The summer before the 2020-2021 school year, the Future of Schools Instructional Committee, consisting of WHHS principles and teachers, met to create the time limit and specifically discussed the amount of time it takes for students to complete assignments.

“We really ask the teachers to be realistic about how long it takes a student to complete the assignment. Not just [how long it takes] the teacher,” Junior High Assistant Principal Jessica Smithson said.  

The time limit was originally created to avoid overwhelming students with hours of school work during weekends or after school as it is already a stressful time for many due to the pandemic. Some students are also taking care of younger siblings, working or have other out-of-school obligations so the committee decided 240 minutes is a reasonable amount of time to get context and learn the material without overdoing it.

“I think the 240-minute limit is a good amount of time to look over your notes and finish any other homework you have left, without stressing out too much after online class,” Macy Brown, ‘24, said. 

If a teacher does choose to require the 30-minute block on Wednesdays they must include that time in the total 240 minutes students can spend on a class. Teachers may only use the 30-minute block which corresponds to the bell students meet them in. However, some students report confusion surrounding the Wednesday schedule.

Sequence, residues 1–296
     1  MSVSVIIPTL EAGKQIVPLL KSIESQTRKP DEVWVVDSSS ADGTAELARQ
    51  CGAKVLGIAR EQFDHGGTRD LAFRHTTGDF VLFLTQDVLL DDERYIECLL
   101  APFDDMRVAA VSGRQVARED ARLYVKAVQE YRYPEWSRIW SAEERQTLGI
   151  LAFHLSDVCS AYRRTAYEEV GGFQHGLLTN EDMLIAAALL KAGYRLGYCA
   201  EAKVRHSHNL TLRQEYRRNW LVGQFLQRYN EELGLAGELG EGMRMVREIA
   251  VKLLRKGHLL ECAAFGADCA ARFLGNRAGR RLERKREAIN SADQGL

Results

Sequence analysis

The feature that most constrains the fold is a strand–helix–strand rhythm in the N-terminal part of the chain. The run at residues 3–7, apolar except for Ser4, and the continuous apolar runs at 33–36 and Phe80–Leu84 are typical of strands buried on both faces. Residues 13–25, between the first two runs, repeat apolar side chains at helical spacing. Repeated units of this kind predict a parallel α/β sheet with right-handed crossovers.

“I wish we weren’t required to go on Wednesdays, and that they were all optional. Sometimes I have overlapping classes and I have to choose which class I think is more important at that time.” Madeline Buehler, ‘22, said.

Most of the students surveyed have one or two teachers who require attending Wednesday classes each week. The rest of their teachers use it as an optional help time. Surveyed students typically attend one or two Google Meets that are either required or optional on Wednesdays, however, 51 of the 99 do not attend any classes. 

107 responses from WHHS students and staff in a survey conducted by the Chatterbox. (Kimaya Mundhe)
107 responses from WHHS students and staff in a survey conducted by the Chatterbox. (Kimaya Mundhe)

Smitson received concerns from some parents regarding the way students spend their time on Wednesdays. Even if they attend all their classes in the morning, there is still a two and a half-hour period in the school day where there aren’t any classes to attend. During this “self-directed learning” students are expected to treat it like a study hall and complete homework for their classes.